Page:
"China would like to use more gradual ways to realise a balance between domestic and external demand," he said, repeating the message he drove home at the weekend's International Monetary Fund meetings.

Zhou, speaking to a seminar on the sidelines of the IMF gathering, used a metaphor of the differences in medical practices in the East and West to highlight the challenges faced in addressing the currency debate that has pitted the United States and other industrialized countries against China.

"In China, a lot of people believe in Chinese doctors. In Western countries, they believe in Western-trained doctors," he said.

The currency debate is like a contest between "pills that solve your problem overnight" and Chinese-style treatments of "10 herbs put together ... that solve the problem not overnight, but maybe in one month or two months," Zhou said.

The often jovial Zhou and his deputies pushed back at the IMF meetings against a chorus of pressure for China to let the yuan rise further and more rapidly than the roughly 2 percent gains seen since June 19, when Beijing loosened the yuan's peg to the U.S. dollar.

Many U.S. lawmakers, labour unions and manufacturing groups believe China deliberately keeps the yuan, also called the renminbi, undervalued to keep Chinese exporters in business.

The U.S. House of Representatives last month stepped up pressure on China to let the yuan rise more quickly, passing a bill just weeks before U.S. congressional elections on November 2 that would provide new muscle to combat undervalued currencies by allowing the imposition of tariffs on goods.

Zhou earlier told reporters during the IMF meetings he believed the currency issue might "gradually fade out along with the recovery" of Western economies and job markets.

"For China, we have a package to enhance the internal demand including ... consumption, social security system reform, new investments in the rural areas," he said.

These measures, he told reporters, show "that China sincerely wants to bring the current account surplus down to a reasonable level."

On Sunday, Zhou seemed to suggest there was more potential for agreement as major advanced and emerging countries prepare for the Group of 20 ministerial and summit meetings in South Korea in coming weeks.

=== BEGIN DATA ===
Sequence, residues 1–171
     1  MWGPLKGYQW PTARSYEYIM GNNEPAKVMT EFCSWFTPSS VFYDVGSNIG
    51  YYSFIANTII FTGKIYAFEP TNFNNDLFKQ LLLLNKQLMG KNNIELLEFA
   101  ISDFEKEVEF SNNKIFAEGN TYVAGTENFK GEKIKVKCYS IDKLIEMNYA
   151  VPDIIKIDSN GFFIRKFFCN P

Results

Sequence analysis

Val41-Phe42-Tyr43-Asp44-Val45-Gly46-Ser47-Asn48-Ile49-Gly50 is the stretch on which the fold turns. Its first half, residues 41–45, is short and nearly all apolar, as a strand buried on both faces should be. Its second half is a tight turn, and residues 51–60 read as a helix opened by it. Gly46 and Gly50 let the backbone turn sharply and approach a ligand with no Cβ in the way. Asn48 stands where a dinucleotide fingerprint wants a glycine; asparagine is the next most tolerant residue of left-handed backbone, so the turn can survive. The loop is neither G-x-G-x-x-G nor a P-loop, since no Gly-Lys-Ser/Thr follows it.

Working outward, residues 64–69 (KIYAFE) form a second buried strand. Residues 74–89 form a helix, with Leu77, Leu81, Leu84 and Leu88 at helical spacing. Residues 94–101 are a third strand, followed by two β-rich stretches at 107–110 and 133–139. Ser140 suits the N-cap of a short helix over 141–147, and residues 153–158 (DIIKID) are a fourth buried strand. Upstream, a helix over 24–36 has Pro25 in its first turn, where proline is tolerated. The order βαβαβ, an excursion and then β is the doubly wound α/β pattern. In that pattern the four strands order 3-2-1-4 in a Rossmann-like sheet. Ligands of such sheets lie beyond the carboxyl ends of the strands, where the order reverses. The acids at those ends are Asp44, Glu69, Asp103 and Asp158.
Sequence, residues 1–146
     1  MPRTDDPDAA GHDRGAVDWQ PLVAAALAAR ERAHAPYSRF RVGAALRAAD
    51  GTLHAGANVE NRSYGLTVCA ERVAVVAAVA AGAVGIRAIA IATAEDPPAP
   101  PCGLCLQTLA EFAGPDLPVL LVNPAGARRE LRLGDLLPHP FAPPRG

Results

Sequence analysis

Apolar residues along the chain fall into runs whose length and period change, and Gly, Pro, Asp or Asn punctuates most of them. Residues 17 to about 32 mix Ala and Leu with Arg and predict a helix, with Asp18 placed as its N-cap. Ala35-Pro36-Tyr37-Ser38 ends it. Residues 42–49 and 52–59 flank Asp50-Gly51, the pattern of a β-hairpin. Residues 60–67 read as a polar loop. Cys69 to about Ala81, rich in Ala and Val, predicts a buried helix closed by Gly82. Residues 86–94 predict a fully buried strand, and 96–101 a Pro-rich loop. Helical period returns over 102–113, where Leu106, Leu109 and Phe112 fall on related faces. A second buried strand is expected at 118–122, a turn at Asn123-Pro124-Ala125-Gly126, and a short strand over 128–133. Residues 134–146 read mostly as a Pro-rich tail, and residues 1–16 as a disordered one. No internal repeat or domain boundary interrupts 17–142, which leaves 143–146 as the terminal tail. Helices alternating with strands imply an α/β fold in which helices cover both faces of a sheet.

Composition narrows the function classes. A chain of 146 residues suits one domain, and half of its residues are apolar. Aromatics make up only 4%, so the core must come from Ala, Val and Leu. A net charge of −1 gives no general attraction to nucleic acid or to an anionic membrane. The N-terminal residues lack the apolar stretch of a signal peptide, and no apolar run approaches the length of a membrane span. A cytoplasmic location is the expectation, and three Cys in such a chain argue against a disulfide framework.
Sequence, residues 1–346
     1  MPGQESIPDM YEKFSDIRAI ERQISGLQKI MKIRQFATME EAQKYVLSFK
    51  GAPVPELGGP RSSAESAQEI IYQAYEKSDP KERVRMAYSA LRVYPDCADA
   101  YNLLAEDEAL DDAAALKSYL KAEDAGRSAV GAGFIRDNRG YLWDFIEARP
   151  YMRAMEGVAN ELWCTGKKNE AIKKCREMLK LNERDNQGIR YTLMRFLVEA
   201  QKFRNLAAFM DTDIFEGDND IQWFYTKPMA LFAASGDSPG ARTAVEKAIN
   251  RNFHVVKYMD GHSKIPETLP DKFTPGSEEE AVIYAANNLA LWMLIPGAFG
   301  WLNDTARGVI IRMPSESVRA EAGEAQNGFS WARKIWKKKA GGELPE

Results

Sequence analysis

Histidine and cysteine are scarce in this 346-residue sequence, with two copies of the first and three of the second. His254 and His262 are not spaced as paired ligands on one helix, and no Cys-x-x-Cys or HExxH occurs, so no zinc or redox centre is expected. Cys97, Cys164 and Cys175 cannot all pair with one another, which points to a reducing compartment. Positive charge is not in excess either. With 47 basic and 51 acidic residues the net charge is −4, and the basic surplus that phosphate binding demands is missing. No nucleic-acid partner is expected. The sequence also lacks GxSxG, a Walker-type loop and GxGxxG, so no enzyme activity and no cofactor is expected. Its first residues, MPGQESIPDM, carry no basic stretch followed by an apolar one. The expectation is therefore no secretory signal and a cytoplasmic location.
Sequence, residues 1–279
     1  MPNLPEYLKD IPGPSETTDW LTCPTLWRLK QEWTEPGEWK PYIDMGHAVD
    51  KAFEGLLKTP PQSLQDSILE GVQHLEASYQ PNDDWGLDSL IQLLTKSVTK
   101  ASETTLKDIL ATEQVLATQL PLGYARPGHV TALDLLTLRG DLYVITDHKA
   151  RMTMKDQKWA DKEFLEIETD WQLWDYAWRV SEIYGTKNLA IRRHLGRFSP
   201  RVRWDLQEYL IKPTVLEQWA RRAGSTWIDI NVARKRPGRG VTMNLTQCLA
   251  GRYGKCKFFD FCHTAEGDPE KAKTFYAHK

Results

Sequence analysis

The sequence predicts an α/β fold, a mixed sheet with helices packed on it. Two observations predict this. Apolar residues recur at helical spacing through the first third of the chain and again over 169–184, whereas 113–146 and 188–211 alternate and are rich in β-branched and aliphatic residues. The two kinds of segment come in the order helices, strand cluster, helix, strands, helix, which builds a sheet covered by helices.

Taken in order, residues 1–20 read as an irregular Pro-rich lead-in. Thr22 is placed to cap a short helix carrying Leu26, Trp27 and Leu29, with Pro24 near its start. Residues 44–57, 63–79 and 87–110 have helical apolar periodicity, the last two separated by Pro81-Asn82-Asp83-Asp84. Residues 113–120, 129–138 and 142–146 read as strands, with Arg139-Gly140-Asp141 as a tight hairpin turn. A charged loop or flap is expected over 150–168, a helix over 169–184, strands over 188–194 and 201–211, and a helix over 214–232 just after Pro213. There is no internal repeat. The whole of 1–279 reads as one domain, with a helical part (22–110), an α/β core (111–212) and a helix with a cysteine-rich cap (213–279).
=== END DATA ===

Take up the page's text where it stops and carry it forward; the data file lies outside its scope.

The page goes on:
"It seems (there's) not very much difference between emerging markets, including China, and industrialized countries. What I see is everybody is emphasizing that the global imbalance is something that we need to deal with," he said. He noted the differences over whether rebalancing should be achieved via exchange rates or by other means to boost internal demand in countries with trade surpluses and differences over the pace at which rebalancing should occur.

China faces trade-offs between its economic fundamentals and trade surpluses, Zhou said.
"It is quite a complicated art to perform, but if we successfully keep low inflation... the yuan is going to be stronger," he said.

(Editing by Leslie Adler)

GBP-USD to Target 1.5996

NEW YORK (TheStreet) -- The pound-dollar currency pair (GBP-USD) is preparing to return to 1.5996, its Aug. 8 high, after it wiped out last week's marginal losses this week and closed higher Friday. 
A penetration of 1.5996 will resume the pound-dollar's short-term uptrend toward 1.6274, its Jan. 24 high.
Conversely, support comes in at the 1.5713 level, where a reversal of roles is likely.

However, if that level gives way, additional lower prices should occur toward the 1.5502 level, where a violation will allow for further downside pressure toward 1.5295, the Sept. 7 low.

A break there will expose 1.5122, the July 21 low, and then 1.5000, the currency pair's psychological level.
Overall, the pound-dollar currency pair now looks as though it will eventually recapture the 1.5996/1.6016 level now that it has recovered strongly.